San Diego Padres owner Peter Seidler died Tuesday morning at 63 years old.
The Padres announced the news of his death alongside a statement from CEO Erik Greupner.
“The Padres organization mourns the passing of our beloved chairman and owner, Peter Seidler,” Greupner said via the statement. “Today, our love and prayers encircle Peter’s family as they grieve the loss of an extraordinary husband, father, son, brother, uncle, and friend.
"Peter was a kind and generous man who was devoted to his wife, children, and extended family. He also consistently exhibited heartfelt compassion for others, especially those less fortunate."
The Padres did not announce a cause of death. The team announced in September that Seidler had undergone an unspecified medical procedure in August and would not be at the ballpark for the remainder of the season. Seidler was a two-time survivor of non-Hodgkin lymphoma.
The San Diego Union-Tribune reports that Seidler had been dealing with an illness for months and that his family requested that his cause of death remain private at this time.
Seidler was the grandson of Walter O'Malley, who owned the Brooklyn/Los Angeles Dodgers from 1950 until his death in 1979. He was part of a group that bought the Padres from John Moores in 2012. He purchased the majority stake in the team from Ron Fowler in 2020.
Under Seidler's ownership, the Padres spent aggressively to build a team with hopes of competing for a World Series championship. With lucrative contracts like a $280 million deal with Xander Bogaerts and $350 million deal with Manny Machado, the Padres had the third-highest payroll in baseball last season, a stark contrast from Padres payrolls under previous ownership.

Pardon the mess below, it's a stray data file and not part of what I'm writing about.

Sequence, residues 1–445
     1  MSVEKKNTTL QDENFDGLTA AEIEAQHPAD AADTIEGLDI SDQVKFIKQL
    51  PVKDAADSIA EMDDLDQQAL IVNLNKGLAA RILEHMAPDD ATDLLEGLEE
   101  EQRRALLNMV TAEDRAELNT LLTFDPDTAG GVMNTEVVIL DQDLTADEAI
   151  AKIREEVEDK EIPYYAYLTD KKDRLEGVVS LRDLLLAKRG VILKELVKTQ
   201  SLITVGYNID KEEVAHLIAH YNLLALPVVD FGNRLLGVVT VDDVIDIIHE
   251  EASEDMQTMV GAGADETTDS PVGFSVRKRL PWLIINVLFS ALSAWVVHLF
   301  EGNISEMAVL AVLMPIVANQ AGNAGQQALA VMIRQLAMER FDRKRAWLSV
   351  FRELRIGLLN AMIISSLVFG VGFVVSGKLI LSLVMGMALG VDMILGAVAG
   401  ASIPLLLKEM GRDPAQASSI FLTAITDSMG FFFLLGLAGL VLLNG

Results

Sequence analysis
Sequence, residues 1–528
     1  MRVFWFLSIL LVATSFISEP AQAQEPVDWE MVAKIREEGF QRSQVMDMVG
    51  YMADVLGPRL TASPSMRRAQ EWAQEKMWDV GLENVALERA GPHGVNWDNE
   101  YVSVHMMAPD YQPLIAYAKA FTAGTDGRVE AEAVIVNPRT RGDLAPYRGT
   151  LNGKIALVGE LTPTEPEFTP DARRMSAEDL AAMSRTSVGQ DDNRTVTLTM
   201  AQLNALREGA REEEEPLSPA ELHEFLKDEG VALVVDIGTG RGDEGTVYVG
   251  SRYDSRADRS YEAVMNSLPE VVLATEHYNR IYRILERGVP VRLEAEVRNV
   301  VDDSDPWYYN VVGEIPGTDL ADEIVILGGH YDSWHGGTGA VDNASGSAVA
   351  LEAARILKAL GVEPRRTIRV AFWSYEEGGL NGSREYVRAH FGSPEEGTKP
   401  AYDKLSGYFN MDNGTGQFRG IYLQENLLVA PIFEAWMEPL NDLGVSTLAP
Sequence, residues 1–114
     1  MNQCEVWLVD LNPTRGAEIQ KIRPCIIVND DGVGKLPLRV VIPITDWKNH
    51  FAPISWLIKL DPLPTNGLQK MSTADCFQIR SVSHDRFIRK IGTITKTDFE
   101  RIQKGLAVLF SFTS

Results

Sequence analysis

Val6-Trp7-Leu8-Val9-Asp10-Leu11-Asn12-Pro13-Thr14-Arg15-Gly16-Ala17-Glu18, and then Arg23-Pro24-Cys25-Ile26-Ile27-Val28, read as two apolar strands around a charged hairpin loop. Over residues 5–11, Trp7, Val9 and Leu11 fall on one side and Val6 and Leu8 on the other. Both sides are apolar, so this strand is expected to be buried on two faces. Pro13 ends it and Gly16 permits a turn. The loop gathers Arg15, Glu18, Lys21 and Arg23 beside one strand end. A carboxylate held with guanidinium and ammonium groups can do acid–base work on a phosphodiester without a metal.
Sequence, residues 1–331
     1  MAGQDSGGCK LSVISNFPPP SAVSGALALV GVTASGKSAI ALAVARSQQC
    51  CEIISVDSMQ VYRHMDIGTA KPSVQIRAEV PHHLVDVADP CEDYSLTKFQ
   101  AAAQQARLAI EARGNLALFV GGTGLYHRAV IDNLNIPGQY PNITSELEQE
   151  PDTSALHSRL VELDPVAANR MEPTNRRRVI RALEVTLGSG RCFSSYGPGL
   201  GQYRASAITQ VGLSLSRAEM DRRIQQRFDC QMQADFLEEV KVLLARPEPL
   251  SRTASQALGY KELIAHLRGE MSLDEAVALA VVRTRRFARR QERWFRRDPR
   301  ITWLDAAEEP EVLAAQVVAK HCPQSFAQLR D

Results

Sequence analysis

Peter Seidler seemed to embody a belief more owners should share: leveraging your money to own a baseball team should be fun. https://t.co/o5eQjYpqZh
— Hannah Keyser (@HannahRKeyser) November 14, 2023
In addition to owning the Padres, Seidler was the founder and managing partner of private equity fund Seidler Equity Partners and sat on MLB's ownership and investment committees. He worked with the city of San Diego, organizations and fellow business leaders to address the city's homelessness crisis.
MLB commissioner Rob Manfred noted Seidler's work in his community in a statement.
“I am deeply saddened by the news of Peter’s passing," Manfred's statement reads. "Peter grew up in a baseball family, and his love of the game was evident throughout his life. He was passionate about owning the Padres and bringing the fans of San Diego a team in which they could always take pride.
"Peter made sure the Padres were part of community solutions in San Diego, particularly with the homeless community. He was an enthusiastic supporter of using the Padres and Major League Baseball to bring people together and help others."
Seidler is survived by his wife Sheel Seidler and their children.
Per the Union-Tribune, the Padres are setting aside non-essential business this week to grieve Seidler. This includes a pause of their search for a new manager after Bob Melvin left the organization to manage the San Francisco Giants.